When you become a member of a homeowners association, you receive a copy of the governing documents. By living in the HOA, you also agree to abide by them, so it's important to read them and understand what they say. However, these documents often use a lot of jargon and can be difficult to understand. Here's a snapshot of the purpose of the Bylaws in an association.
Unlike the Articles of Incorporation and CC&Rs, the Bylaws are not recorded at either the county or state level, yet they are still an integral part of a homeowners association. They're a legal document of the association, which cannot be changed or amended without a vote of the membership as outlined within the document.
In general, the Bylaws lay out policies and procedures for how a homeowners association is governed. Within the Bylaws you learn about membership within the association. This includes voting rights and other rights and terms of membership. The Bylaws also give direction as to the place, frequency and time of different association meetings.
Bylaws State the General Duties of the Board
It's in the Bylaws that you find information about who qualifies to be an HOA board member, how many directors are called for, and the length of each directors' term of office. You also find information about the duties and powers of directors and officers.
Although all Board members are directors, not all Board members are officers. The Bylaws explain the different offices that directors may hold. Typically, these offices include the following: President, Vice-President, Secretary, and Chief Financial Officer/Treasurer. The details regarding the duties and powers of each of these officers are contained in the Bylaws.
Bylaws Expect Board Members to Be Fiduciaries
Much of what the Bylaws address is the governance of the association by the directors and officers who become leaders within their community. When we consider the challenges that HOA boards are often faced with when leading a homeowners association, we would hope that those who take that step would also take seriously the duty of being a fiduciary.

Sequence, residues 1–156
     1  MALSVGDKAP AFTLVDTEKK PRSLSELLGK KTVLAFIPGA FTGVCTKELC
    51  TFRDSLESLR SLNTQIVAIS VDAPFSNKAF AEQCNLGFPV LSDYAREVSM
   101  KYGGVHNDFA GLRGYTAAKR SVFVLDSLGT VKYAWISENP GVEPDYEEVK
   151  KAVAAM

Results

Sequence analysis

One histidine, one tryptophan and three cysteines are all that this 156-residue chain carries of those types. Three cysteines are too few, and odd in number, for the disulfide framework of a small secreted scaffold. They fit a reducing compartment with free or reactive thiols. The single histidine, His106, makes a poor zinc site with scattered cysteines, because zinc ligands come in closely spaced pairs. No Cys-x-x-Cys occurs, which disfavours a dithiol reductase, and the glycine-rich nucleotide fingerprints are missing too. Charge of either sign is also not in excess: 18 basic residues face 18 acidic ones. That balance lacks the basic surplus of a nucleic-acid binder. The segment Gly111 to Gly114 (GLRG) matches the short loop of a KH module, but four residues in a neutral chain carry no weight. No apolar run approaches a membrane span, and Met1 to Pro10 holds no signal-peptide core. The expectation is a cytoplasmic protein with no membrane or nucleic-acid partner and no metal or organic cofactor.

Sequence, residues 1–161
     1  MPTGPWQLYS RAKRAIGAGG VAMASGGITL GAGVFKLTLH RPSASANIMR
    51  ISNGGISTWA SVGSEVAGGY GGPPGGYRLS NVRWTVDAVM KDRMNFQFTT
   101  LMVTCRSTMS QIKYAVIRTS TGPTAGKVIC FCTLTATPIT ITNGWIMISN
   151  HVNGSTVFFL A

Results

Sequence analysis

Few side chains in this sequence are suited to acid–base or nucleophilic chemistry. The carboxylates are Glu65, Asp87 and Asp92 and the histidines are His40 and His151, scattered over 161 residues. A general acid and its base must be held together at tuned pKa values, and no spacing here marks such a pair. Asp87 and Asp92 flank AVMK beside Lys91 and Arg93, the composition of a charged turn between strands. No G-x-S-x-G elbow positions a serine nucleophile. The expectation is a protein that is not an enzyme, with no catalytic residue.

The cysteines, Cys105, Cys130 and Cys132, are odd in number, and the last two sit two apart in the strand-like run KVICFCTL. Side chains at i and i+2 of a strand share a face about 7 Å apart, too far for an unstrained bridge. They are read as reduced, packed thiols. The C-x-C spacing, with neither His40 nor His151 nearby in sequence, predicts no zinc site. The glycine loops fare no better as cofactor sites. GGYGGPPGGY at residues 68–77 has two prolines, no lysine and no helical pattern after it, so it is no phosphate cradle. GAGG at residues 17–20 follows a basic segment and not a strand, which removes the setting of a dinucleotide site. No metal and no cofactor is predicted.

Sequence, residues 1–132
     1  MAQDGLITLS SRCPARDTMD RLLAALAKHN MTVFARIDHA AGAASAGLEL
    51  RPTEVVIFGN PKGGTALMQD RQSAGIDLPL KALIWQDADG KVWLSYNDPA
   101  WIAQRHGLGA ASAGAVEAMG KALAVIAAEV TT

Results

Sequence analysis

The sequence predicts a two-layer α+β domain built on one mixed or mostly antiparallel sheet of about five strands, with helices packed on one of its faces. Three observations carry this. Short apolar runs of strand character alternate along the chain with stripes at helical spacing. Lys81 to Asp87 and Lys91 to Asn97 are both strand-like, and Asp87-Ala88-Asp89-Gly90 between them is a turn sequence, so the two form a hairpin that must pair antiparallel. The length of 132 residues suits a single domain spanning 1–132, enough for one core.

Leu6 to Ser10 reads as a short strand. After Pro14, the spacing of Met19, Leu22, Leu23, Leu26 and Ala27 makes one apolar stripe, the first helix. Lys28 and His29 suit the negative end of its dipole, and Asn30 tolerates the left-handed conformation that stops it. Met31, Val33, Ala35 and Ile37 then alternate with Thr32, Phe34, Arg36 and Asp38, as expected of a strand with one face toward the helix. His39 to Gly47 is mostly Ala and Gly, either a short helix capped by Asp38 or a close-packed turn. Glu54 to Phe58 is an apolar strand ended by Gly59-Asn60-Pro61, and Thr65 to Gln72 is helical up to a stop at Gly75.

When someone becomes a director, they take on a fiduciary duty in which they are to act on behalf of another (in this case the association and its members) regarding what has been entrusted to them. It's to be a relationship of trust and confidence where the fiduciary is expected to act with loyalty and care in the carrying out of their duties, not putting personal interests before their duty.
How Can I Get a Copy of My HOA Bylaws?
If you can't find your copy of the association Bylaws, make sure you request a new copy and review them so you're clear on how your HOA is governed. Association documents are available for all members to review. The governing documents are most likely available on the HOA website to review, but if not most associations have a procedure for requesting the documents.
It's the responsibility of the Association to make the governing documents—the Bylaws and the Covenants, Conditions, and Restrictions (or CC&R's)—as understandable as possible. If there's anything an owner does not understand, they should be encouraged to contact the HOA board or manager for clarification. They should be able to clarify any confusing language or give the owner other materials that can answer their questions. Ignorance is not an excuse!